ICANN has started reporting the results of Initial Evaluation in its new gTLD program as promised, delivering a passing grade to 27 applications today.
So far, no bids appear to have explicitly flunked IE, judging by ICANN’s web site.
However, some of the applications in the top 27 in the prioritization queue are still flagged as being in IE — the
Japanese Chinese-script dot-brand .淡马锡 and Samsung’s .삼성.
For some applications Initial Evaluation results were not yet available for one or more possible reasons such as: pending change requests, clarifying questions, or follow-up with applicants regarding missing information. The results for these applications will be published as soon as the relevant processes are completed.
Due to the way the queue was rigged, all 27 passes are for internationalized domain names, such as Verisign’s .net transliteration .大拿 and Amazon’s Japanese .fashion (.ファッション).
Those that have passed IE and have no objections and no contention can now pass in to predelegation testing and contract negotiations with ICANN.
All IE results are expected to be released by August.
While most new gTLD applicants were focused on delays to the program revealed during last Friday’s ICANN webinar, another bit of news may also be a cause for concern for .home applicants.
As Rubens Kuhl of Nic.br spotted, ICANN revealed that 11 applications have not yet passed their DNS Stability check.
That’s a reversal from November, when ICANN said that all new gTLD applications had passed the stability review.
As I noted at the time, that was good news for .home, which some say may cause security problems if it is delegated.
As Kuhl observed, there are exactly 11 applications for .home, the same as the number of applications that now appear to have un-passed the DNS Stability check.
So is ICANN taking a closer look at .home, or is it just a numerical coincidence?
The string is considered risky by many because .home already receives a substantial amount of DNS traffic at the root servers, which will be inherited by whichever company wins the contention set.
It’s on a list of frequently requested invalid TLDs produced by ICANN’s Security and Stability Advisory Committee which was incorporated by reference in the new gTLD Applicant Guidebook.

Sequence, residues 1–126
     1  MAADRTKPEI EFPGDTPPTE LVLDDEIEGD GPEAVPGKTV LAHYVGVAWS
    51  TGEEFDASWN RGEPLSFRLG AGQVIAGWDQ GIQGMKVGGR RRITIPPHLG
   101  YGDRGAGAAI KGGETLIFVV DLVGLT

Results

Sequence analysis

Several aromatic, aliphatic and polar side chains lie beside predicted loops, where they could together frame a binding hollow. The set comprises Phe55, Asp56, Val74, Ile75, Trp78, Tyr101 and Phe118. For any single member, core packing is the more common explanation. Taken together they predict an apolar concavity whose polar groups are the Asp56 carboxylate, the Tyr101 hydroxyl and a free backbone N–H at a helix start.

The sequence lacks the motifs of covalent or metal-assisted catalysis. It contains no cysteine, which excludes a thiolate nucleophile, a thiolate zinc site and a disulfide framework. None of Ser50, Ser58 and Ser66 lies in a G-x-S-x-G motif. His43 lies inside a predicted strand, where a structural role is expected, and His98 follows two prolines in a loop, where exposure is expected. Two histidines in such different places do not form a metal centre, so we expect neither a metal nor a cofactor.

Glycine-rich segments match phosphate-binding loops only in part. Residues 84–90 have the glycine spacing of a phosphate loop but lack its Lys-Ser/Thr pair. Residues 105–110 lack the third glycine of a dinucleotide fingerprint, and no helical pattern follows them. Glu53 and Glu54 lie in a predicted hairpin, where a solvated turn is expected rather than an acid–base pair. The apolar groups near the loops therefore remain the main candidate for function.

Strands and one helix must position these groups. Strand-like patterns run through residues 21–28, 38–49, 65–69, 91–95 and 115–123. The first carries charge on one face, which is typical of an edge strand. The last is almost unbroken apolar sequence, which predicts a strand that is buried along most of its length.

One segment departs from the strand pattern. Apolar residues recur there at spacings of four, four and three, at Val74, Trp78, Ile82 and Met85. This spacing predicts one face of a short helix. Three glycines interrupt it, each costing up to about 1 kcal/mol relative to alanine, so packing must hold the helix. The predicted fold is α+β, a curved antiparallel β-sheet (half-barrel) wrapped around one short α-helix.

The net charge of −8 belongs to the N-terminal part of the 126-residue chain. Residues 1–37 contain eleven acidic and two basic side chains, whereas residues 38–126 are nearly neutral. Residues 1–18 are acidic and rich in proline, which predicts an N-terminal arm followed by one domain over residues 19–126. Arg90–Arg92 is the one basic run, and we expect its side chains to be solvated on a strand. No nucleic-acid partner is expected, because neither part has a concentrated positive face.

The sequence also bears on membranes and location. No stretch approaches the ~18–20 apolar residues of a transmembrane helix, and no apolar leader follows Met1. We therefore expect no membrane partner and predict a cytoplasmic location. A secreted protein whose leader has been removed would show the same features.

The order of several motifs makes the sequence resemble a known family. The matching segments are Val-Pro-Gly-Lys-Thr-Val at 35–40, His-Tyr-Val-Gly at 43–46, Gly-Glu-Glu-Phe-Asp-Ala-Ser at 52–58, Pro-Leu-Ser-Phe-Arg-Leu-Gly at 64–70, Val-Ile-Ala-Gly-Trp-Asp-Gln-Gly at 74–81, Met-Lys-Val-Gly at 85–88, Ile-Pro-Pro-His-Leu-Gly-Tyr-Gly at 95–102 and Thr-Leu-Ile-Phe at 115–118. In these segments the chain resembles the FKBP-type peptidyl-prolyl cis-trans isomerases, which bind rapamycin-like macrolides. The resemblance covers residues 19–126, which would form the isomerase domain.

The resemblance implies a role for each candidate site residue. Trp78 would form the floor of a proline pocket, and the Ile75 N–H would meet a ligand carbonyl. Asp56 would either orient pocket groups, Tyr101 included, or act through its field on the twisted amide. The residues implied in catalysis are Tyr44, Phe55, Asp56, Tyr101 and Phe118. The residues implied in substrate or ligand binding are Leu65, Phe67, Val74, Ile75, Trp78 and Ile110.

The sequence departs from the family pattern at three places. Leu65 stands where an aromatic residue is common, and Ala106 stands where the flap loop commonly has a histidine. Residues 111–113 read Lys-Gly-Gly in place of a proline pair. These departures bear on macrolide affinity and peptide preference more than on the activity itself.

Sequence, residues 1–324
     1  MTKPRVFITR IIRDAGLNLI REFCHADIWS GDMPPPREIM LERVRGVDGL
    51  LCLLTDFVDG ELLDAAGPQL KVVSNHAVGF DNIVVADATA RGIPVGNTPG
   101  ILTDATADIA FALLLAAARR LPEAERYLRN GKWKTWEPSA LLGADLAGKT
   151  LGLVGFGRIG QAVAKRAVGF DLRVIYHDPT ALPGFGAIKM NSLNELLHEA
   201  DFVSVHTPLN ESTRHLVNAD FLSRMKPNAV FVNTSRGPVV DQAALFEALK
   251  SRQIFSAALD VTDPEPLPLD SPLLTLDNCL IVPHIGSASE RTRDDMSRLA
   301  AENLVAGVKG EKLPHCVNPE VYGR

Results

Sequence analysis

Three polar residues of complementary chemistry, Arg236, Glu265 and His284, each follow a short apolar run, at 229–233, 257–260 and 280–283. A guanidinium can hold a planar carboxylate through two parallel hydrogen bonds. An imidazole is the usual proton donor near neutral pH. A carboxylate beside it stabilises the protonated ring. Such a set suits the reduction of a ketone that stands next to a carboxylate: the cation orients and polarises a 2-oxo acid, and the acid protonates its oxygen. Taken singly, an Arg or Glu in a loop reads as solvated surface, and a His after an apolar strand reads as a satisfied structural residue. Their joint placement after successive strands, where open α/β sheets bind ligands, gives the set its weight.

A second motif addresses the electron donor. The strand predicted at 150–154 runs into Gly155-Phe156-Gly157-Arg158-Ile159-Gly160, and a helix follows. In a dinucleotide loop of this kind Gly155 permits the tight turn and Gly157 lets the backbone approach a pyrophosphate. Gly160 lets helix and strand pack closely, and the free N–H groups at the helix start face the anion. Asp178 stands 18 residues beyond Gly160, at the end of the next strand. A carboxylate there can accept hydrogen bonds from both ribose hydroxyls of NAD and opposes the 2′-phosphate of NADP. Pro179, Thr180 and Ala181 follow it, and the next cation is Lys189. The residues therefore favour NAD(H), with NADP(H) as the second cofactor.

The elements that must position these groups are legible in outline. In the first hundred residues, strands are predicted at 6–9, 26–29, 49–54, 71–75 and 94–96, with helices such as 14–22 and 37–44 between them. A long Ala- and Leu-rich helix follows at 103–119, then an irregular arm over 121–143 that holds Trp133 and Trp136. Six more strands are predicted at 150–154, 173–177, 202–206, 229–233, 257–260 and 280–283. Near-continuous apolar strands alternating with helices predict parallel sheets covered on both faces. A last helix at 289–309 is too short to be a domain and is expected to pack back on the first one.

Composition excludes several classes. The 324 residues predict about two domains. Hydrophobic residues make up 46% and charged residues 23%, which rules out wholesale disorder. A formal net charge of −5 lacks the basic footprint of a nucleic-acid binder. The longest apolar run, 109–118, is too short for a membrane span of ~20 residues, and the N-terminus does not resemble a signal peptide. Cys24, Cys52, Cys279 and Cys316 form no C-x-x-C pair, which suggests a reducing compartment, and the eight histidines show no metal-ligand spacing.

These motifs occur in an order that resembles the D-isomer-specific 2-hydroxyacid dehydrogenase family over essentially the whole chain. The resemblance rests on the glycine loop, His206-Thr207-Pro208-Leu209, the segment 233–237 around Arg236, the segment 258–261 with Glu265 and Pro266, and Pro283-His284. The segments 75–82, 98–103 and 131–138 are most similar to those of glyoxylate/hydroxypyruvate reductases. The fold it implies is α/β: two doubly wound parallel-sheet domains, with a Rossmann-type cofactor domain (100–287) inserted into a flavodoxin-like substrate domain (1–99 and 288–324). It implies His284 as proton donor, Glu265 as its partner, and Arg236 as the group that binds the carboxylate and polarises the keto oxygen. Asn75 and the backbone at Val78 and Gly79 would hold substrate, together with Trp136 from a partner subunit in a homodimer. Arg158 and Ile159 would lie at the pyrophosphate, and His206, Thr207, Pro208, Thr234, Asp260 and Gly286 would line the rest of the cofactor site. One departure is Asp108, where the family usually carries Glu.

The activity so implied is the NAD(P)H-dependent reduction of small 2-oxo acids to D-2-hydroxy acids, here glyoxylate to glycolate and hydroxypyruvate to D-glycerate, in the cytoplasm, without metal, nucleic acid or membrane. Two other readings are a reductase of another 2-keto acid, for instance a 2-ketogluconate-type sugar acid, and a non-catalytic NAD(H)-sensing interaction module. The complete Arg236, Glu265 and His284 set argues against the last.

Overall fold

Some major ISPs, notably BT in the UK, use .home as a pseudo-TLD in their residential routers.
ICANN has started selling its $100-a-pop New gTLD Prioritization Draw raffle tickets in Los Angeles, with a little less than a week to go until the make-or-break drawing.
The organization is understandably eager not to balls it up this time — the Draw replaces Digital Archery, which was killed off largely due to how silly it was — so there are strict rules in place.
Due to the Californian lottery laws the Draw will operate under, applicants have to show up in person to buy their tickets, or ask a designated proxy to do it for them.
To avoid any funny business, each buyer has to show up with a government ID with details matching those on the special Designation Form, which in turn must be signed by a named individual from the gTLD application itself.
It’s strictly one ticket per application, of course.
Some applicants have got in early. Here’s photographic evidence that some applicants have successfully bought theirs, courtesy of Uniregistry counsel Bret Fausett.
The draw itself will take place on December 17, starting at about 1pm local time, at the LA airport Hilton. Anyone who shows up to buy tickets after 11am that day will be turned away.
With over 1,900 applications, we could be looking at eight hours or more of pulling pieces of paper out of a bucket.
The whole thing will be webcast for people who, like me, have nothing better to do with their time.
Opting out of the process is as simple as not buying a ticket, but there’ll be a secondary draw to determine the prioritization of opted-out applications.
Applications for internationalized domain names will be drawn first, followed by non-IDNs, followed by opted-out IDNs, followed by opted-out non-IDNs.
Why is this lottery so important?
For many applicants it’s going to determine their time to market, which could mean the difference between launching into a market eager for new real estate and launching into one jaded by flops.
In some cases a good draw number could be worth millions. But unfortunately for applicants, they won’t be able to trade their tickets or prioritization slots.
The new gTLD program’s Independent Objector has launched his own web site, independently from ICANN.
The IO’s job is to file Community Objections and Limited Public Interest Objections against new gTLD applications, should the need arise.
In practice, I’d be very surprised to see any of the latter filed during the current application round, but I’d expect to see several Community Objections.